From a broader, regional perspective, we know that Latin America and the Caribbean has become an economically dynamic region that has experienced significant economic growth, and analysis tells us that there is more to follow.
By recognizing these tectonic shifts and harnessing them for the benefit of our peoples, we are opening markets and making way for greater mutual prosperity.
For Canada’s part, our overall trade with the region has increased by 32.1 percent since 2007. What’s more, over 2,500 Canadian companies are active in the Americas.
Furthermore, new relationships have developed in recent years to respond to the region’s growing economic dynamism.
For example, Canada recently became an observer to the Pacific Alliance. This alliance is showing leadership in the region, promoting good governance and open markets. Member nations are also making great efforts to take down trade barriers between them, with the ultimate goal of reaching out to Asia—pooling their heft and credibility to channel opportunities in the Pacific Rim.
However, the OAS has not been engaged to its fullest potential in supporting such economic initiatives.
Canada believes that the OAS, as the premier political forum in the hemisphere, must now take a more substantial role in building an environment that will support investment, and translate that investment into growth. OAS member states have been mandated by leaders to collaborate for the achievement of economic growth—and the OAS should lead these efforts by playing the important role that only a political body can play.
We believe that the OAS needs to play that proactive role—together with partners at the Inter-American Development Bank, the Economic Commission for Latin America and the Caribbean and the OAS member states. The OAS has a great deal to offer and is able to add incredible value to those efforts.
Democracy and Security
A second overarching goal for Canada in the Americas is to strengthen security and democratic institutions.
As a country of the New World and a member of la gran familia de las Americas [the big Americas family], Canada is steadfastly devoted to the democratic values that our countries have endorsed together.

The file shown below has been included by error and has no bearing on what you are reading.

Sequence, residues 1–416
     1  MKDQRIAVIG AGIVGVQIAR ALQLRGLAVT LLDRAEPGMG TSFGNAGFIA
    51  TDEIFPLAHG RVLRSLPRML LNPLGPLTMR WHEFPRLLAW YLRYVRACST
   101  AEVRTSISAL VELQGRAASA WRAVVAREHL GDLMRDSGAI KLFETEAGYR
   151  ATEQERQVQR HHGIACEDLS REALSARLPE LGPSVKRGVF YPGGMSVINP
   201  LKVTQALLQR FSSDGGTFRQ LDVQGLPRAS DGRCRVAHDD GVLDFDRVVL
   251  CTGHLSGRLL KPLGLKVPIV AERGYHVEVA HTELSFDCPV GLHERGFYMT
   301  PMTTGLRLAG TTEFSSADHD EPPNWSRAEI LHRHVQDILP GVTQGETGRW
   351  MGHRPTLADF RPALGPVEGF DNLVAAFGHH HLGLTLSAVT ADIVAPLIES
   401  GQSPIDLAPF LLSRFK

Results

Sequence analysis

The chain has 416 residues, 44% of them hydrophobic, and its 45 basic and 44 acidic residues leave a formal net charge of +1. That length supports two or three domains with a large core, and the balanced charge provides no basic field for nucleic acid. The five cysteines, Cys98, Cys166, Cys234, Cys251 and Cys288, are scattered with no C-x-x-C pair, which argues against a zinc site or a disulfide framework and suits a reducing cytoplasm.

The adoption of the [Inter-American] Democratic Charter is a shining statement—unique in the world—of the shared commitment of the countries of the hemisphere to pursue, support and advance democracy, human rights, the rule of law, and accountability of public institutions for the people of the Americas. No stronger statement of commitment to the principles of democracy exists, and Canada shares this body’s pride in this achievement.
The OAS’s ability to support and advance democracy in the hemisphere is one of its greatest strengths. The stability this has brought to the hemisphere, the support it provides to struggling democracies and governments in transition, and the development of the institutions of governance have set the terms by which countries of the hemisphere have been building independent, innovative and dynamic societies.
Canada has been a solid partner in those efforts. We have supported fair and transparent elections in 17 countries of the region by contributing to 47 OAS electoral observation missions between 2009 and 2011. We will also be supporting the upcoming OAS Observer Mission to Paraguay later this month.
Beyond sound institutions, we know that successful societies also require peace and stability.
The threat of organized criminal networks, including the illicit drug trade and related violent crimes, undermine security and good governance and make it difficult to maintain an environment where trade and investment can flourish.
That is why Canada has increased our efforts to combat transnational organized crime and to strengthen governance in Latin America and the Caribbean: to support our partners’ efforts to strengthen freedom, democracy, human rights and the rule of law. We have placed special emphasis on working in partnership with local governments—whether through military, law enforcement or civilian projects—to improve security in Central America, the Caribbean and Mexico, a key transit region for northbound drug trafficking.